Reimagining Institutional Models for Online Program Development and Support

Reimagining Institutional Models for Online Program Development and Support

When is it time to reevaluate the models for distance learning administration and support at your institution and how do you successfully implement recommendations for change? During this session at OLC Accelerate 2017, learn from the experience of Northern Illinois University (NIU) reimagining its distance learning support model as a result of a recent institution-wide program prioritization process.

In Fall 2015, NIU began a program prioritization initiative with the goal of building a strong foundation for maintaining and improving the quality of academic and administrative programs across the institution, by assuring that programs reflect the institution’s mission and strategic goals. As a result, an institutional task force recommended reimagining the structure for supporting online and off-campus programs, specifically noting:

While the delivery of online or adult for-credit courses was once seen as an ancillary task, this has changed over time…It is critical that all students receive a consistent NIU experience, whether traditional/on-campus, online, regional, or adult learner. Efficiencies could be created by limiting the duplication of functions. The task force recommends moving online programs to Academic Affairs.

In Fall 2016 a working group of senior leaders at NIU was formed and charged by NIU’s president with developing a plan for a revamped service model for online & off-campus programs. The working group was asked to formulate a model for supporting and growing online and off-campus programs that would identify what activities/services are needed, how those services are provided, and by whom. In response to that charge, the working group examined the literature, considered national best practices, surveyed effective models of peers and aspirational institutions, identified gaps between the current and new systems, and recommend bridging strategies. The working group made their best effort to continue the “trustee mentality” of program prioritization, with a focus upon developing the best options for serving adult learners in terms of both online and off-campus environments.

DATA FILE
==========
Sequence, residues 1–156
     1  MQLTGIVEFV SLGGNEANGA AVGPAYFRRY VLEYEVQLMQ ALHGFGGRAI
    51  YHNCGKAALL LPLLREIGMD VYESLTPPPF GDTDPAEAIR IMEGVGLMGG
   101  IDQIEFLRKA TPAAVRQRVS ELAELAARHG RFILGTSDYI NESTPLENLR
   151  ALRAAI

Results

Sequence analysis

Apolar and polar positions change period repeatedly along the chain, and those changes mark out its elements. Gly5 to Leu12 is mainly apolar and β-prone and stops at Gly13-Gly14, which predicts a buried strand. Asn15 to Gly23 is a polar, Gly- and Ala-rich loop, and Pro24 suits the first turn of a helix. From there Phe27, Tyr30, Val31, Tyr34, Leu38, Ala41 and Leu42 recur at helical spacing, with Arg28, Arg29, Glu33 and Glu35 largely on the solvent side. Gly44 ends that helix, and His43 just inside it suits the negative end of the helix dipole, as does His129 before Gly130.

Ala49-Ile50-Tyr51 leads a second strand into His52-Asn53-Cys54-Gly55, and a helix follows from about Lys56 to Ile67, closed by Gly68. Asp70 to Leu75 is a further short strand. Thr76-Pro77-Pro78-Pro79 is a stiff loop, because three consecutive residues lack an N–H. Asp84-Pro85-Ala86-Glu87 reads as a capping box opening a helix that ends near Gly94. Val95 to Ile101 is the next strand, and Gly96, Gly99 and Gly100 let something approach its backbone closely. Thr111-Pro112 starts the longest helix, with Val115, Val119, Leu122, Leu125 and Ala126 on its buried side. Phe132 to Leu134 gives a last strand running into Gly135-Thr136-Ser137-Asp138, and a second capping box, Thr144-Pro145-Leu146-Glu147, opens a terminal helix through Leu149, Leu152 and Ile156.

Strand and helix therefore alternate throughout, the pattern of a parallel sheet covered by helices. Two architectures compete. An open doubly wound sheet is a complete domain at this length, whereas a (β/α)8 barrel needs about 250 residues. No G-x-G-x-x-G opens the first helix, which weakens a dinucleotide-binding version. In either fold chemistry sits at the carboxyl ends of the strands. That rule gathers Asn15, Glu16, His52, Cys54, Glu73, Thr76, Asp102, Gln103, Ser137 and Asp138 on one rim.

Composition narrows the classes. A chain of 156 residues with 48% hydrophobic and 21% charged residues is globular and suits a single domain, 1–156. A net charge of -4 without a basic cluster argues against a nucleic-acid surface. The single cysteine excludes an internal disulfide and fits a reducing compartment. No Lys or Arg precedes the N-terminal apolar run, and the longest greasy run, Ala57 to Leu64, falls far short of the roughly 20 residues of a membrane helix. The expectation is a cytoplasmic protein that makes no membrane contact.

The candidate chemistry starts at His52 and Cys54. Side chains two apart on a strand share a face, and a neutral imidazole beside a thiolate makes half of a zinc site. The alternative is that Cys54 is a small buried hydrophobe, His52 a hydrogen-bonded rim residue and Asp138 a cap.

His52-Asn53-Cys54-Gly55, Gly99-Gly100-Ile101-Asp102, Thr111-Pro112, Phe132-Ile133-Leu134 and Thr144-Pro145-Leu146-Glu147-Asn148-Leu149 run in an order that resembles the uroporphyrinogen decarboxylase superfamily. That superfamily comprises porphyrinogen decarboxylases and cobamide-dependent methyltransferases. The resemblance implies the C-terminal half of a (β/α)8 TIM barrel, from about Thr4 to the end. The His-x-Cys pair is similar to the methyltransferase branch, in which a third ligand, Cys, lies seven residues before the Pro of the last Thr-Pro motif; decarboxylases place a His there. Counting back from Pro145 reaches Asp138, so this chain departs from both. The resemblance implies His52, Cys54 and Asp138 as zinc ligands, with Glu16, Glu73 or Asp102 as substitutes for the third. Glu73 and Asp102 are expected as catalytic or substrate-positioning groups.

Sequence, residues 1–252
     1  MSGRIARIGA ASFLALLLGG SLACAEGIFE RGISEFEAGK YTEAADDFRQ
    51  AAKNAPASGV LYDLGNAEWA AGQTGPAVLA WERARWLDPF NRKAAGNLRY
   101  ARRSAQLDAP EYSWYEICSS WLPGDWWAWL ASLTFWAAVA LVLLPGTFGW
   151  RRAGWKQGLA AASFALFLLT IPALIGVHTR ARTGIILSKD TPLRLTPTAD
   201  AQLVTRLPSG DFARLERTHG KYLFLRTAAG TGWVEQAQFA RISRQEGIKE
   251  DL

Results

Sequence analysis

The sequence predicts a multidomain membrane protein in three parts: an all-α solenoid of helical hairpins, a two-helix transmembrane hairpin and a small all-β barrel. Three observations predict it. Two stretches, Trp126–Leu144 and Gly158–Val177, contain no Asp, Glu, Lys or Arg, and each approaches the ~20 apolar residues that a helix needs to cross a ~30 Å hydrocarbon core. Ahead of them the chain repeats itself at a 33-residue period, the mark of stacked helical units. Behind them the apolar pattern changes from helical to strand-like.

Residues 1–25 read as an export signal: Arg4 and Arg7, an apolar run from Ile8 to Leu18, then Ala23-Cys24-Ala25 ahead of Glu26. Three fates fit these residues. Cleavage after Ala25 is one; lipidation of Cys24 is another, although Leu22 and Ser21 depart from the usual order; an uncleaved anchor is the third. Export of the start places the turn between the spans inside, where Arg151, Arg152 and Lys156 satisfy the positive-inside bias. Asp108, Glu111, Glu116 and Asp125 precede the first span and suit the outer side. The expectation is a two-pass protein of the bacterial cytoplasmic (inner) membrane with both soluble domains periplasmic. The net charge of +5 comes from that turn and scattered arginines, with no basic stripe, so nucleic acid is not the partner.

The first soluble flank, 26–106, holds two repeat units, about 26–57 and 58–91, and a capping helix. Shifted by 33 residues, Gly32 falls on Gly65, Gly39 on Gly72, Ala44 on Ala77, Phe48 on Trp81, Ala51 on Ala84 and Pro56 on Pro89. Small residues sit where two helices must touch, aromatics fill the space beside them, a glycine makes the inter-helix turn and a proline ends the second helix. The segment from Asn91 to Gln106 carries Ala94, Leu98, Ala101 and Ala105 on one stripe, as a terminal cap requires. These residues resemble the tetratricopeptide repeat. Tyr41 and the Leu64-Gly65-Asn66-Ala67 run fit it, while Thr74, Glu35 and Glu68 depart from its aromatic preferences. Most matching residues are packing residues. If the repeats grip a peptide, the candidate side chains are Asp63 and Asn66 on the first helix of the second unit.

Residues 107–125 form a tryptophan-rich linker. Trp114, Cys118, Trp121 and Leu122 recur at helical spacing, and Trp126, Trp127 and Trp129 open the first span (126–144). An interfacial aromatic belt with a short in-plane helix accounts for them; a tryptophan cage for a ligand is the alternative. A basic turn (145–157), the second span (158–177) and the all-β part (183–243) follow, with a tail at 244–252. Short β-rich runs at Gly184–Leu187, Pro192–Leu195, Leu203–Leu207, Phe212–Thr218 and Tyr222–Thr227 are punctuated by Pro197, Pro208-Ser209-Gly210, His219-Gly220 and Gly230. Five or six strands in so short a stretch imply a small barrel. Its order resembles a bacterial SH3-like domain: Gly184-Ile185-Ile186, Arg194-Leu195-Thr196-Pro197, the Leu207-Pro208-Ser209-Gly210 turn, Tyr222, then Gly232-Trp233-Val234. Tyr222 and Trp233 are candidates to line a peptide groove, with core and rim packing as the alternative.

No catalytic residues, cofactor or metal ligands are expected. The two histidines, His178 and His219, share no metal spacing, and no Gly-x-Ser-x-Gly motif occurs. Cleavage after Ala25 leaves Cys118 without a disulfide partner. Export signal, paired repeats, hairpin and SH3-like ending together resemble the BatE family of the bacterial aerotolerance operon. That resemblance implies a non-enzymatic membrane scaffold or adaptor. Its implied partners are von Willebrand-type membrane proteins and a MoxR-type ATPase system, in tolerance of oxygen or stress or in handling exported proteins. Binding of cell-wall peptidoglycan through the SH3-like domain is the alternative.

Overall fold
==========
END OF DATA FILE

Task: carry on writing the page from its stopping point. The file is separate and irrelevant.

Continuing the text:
The working group delivered a comprehensive set of recommendations for action steps that would improve support for NIU online and off-campus students and programs. Key recommendations involved:

  • creating strategic leadership for NIU’s online/off-campus programs in Academic Affairs
  • reconfiguring the core course development, program development, faculty development and logistical support functions, and housing them centrally in Academic Affairs
  • strengthening the services provided to online/off-campus students
  • improving centralized marketing and recruiting efforts for these audiences

With the central responsibility for online/off-campus programs being located within Academic Affairs, NIU’s provost was charged in May 2017 with creating an implementation plan based on the working group’s recommendations.

During this session, experience and lessons learned by NIU were shared for other online education leaders seeking to engage in a comprehensive review of institutional online program development and support models.

Session Resources

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